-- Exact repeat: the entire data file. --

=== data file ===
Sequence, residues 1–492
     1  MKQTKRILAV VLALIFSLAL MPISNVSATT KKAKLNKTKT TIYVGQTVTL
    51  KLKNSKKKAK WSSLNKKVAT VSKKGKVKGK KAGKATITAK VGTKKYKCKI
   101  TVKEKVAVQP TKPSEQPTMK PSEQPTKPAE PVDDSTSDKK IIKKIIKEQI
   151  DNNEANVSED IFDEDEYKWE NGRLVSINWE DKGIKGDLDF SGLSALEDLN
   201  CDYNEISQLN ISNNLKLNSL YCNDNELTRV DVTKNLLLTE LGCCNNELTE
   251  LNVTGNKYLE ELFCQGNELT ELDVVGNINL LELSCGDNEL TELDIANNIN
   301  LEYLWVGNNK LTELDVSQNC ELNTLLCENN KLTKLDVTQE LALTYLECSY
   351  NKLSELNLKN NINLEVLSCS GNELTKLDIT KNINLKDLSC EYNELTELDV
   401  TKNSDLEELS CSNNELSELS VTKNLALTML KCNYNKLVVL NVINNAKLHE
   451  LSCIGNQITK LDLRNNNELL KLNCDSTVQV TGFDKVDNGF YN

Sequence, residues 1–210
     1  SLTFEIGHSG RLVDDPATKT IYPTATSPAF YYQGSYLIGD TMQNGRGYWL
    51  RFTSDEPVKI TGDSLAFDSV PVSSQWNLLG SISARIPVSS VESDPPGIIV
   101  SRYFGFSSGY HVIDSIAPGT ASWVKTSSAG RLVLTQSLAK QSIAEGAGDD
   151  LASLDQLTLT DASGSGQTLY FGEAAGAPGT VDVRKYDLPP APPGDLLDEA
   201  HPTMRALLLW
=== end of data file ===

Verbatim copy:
Sequence, residues 1–492
     1  MKQTKRILAV VLALIFSLAL MPISNVSATT KKAKLNKTKT TIYVGQTVTL
    51  KLKNSKKKAK WSSLNKKVAT VSKKGKVKGK KAGKATITAK VGTKKYKCKI
   101  TVKEKVAVQP TKPSEQPTMK PSEQPTKPAE PVDDSTSDKK IIKKIIKEQI
   151  DNNEANVSED IFDEDEYKWE NGRLVSINWE DKGIKGDLDF SGLSALEDLN
   201  CDYNEISQLN ISNNLKLNSL YCNDNELTRV DVTKNLLLTE LGCCNNELTE
   251  LNVTGNKYLE ELFCQGNELT ELDVVGNINL LELSCGDNEL TELDIANNIN
   301  LEYLWVGNNK LTELDVSQNC ELNTLLCENN KLTKLDVTQE LALTYLECSY
   351  NKLSELNLKN NINLEVLSCS GNELTKLDIT KNINLKDLSC EYNELTELDV
   401  TKNSDLEELS CSNNELSELS VTKNLALTML KCNYNKLVVL NVINNAKLHE
   451  LSCIGNQITK LDLRNNNELL KLNCDSTVQV TGFDKVDNGF YN

Sequence, residues 1–210
     1  SLTFEIGHSG RLVDDPATKT IYPTATSPAF YYQGSYLIGD TMQNGRGYWL
    51  RFTSDEPVKI TGDSLAFDSV PVSSQWNLLG SISARIPVSS VESDPPGIIV
   101  SRYFGFSSGY HVIDSIAPGT ASWVKTSSAG RLVLTQSLAK QSIAEGAGDD
   151  LASLDQLTLT DASGSGQTLY FGEAAGAPGT VDVRKYDLPP APPGDLLDEA
   201  HPTMRALLLW